The story of the Hunt Hotel's role in the resettling of the Japanese community in Seattle
In the wake of World War II, from 1945 to 1959, the Japanese Language School buildings served as temporary housing for Japanese and Japanese Americans returning from incarceration camps. Local leader and community figurehead Genji Mihara established and managed the facility, calling it the “Hunt Hotel” as most residents were returning from the Minidoka Incarceration Camp in Hunt, Idaho.
Within the walls of the historic buildings at 1414 S. Weller Street, over thirty families began to rebuild their lives in the wake of WWII. Children were raised, loved ones were lost, and little by little the rooms were vacated giving way to community organizations, classrooms, and storage. The Unsettled ~ Resettled: Seattle's Hunt Hotel story seeks to shed light on the experiences of Seattle Japanese and Japanese Americans during resettlement and raise awareness of the long-lasting consequences of Executive Order 9066, one of the most unjust and unconstitutional acts of government in American history.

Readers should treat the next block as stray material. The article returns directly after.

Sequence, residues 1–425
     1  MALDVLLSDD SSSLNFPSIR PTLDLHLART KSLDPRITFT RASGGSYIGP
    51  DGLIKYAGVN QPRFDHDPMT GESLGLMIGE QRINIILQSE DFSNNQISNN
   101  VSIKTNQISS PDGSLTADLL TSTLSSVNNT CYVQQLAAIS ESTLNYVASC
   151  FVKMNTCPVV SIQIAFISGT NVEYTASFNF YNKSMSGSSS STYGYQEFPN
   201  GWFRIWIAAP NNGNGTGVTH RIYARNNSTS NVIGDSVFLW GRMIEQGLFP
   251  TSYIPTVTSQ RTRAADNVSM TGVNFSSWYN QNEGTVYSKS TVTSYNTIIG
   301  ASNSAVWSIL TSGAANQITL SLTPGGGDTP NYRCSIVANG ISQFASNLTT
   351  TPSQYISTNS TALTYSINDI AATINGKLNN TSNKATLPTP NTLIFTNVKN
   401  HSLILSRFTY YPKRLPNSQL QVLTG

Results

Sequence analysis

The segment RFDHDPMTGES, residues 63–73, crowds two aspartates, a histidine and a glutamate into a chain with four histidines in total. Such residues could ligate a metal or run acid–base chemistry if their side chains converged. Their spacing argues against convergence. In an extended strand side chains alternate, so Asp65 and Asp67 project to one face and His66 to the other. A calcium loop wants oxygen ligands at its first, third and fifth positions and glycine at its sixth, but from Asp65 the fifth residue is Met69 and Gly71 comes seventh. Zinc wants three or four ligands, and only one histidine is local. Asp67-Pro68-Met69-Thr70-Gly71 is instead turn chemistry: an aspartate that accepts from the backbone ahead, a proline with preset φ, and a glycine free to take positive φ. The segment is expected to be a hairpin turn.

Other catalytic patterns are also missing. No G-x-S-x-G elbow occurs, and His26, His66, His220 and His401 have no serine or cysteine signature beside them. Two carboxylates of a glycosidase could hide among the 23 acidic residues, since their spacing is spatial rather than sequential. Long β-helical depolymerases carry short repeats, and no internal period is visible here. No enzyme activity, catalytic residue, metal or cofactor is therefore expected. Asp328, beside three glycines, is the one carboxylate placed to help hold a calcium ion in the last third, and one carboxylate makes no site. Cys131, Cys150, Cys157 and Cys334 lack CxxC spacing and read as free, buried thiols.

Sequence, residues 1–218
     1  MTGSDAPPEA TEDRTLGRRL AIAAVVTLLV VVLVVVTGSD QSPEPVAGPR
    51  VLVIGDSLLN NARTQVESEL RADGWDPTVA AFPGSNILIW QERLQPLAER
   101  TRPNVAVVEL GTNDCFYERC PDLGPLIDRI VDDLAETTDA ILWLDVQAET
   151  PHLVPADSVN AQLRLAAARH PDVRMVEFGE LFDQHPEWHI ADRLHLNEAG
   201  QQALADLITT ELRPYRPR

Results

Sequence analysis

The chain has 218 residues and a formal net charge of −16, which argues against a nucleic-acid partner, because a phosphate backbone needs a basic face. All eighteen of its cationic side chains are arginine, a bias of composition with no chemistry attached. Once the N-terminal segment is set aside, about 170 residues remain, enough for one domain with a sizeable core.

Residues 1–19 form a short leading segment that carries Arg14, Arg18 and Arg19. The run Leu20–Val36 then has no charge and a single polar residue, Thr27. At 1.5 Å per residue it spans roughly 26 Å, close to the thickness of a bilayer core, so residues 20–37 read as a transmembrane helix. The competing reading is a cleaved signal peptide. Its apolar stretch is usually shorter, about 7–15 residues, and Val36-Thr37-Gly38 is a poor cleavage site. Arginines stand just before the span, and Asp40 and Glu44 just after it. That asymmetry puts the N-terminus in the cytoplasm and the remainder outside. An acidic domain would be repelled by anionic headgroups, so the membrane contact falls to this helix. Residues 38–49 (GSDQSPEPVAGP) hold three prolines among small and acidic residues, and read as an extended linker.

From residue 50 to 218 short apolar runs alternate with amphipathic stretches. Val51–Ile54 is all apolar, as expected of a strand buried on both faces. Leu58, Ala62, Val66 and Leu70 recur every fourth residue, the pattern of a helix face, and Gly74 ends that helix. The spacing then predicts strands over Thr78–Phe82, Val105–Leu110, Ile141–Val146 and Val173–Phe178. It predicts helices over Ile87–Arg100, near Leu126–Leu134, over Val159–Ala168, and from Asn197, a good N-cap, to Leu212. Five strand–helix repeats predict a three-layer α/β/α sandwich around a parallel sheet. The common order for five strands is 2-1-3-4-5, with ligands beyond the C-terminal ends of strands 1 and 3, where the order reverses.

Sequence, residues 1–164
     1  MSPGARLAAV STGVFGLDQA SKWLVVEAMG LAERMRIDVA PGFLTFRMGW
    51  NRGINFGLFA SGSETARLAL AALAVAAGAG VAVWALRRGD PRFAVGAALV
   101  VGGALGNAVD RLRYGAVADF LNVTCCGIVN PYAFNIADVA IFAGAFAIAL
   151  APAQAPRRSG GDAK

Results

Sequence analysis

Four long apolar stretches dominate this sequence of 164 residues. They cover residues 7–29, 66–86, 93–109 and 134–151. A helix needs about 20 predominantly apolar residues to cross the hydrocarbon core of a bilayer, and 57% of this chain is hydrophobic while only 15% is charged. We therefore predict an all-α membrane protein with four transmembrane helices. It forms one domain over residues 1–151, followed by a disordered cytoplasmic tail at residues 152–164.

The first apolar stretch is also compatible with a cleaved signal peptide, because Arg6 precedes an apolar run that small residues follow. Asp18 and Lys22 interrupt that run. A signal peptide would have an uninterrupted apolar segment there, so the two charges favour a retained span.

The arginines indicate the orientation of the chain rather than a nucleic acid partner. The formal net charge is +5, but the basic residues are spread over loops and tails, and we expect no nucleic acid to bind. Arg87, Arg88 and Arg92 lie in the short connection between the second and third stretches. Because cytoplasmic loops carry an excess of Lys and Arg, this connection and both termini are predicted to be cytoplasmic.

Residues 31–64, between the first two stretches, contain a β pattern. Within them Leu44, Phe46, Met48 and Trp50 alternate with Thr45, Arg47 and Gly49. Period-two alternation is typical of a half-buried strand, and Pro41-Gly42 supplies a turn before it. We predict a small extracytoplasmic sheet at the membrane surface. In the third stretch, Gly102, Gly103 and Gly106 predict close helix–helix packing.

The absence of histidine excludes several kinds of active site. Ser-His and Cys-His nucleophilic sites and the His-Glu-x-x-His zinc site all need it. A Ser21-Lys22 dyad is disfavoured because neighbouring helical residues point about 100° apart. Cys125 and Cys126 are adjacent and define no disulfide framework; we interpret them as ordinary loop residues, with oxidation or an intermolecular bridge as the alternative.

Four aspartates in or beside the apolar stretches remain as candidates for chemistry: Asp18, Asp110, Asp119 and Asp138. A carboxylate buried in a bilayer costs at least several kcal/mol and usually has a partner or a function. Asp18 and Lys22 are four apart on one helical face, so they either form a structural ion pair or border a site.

Exhibition catalog now available!
Visit the Exhibition
The "Unsettled ~ Resettled: Seattle's Hunt Hotel" exhibit, generously funded by a National Park Service Japanese American Confinement Sites (JACS) Grant, opened to the public in February 2016. The exhibit is viewable at the Japanese Cultural & Community Center in Seattle, and will have a traveling component available for offsite installations.
Japanese Cultural & Community Center of Washington
1414 S. Weller Street
Seattle, WA 98144
[map & directions]
Open to the public Monday – Friday
10 am – 5 pm
Admission is free
University of Washington, East Asia Library
322 Gowen Hall Seattle, WA 98195
November 2nd, 2016 - January 7th, 2017
Klondike Gold Rush National Historical Park, Seattle Unit
319 Second Avenue S Seattle, Washington 98104
March – May 2017 (Dates TBD)
Past Traveling Exhibit Locations
Oregon Nikkei Legacy Center
121 NW 2nd Ave. Portland, OR 97209
July 10, 2016 – September 25, 2016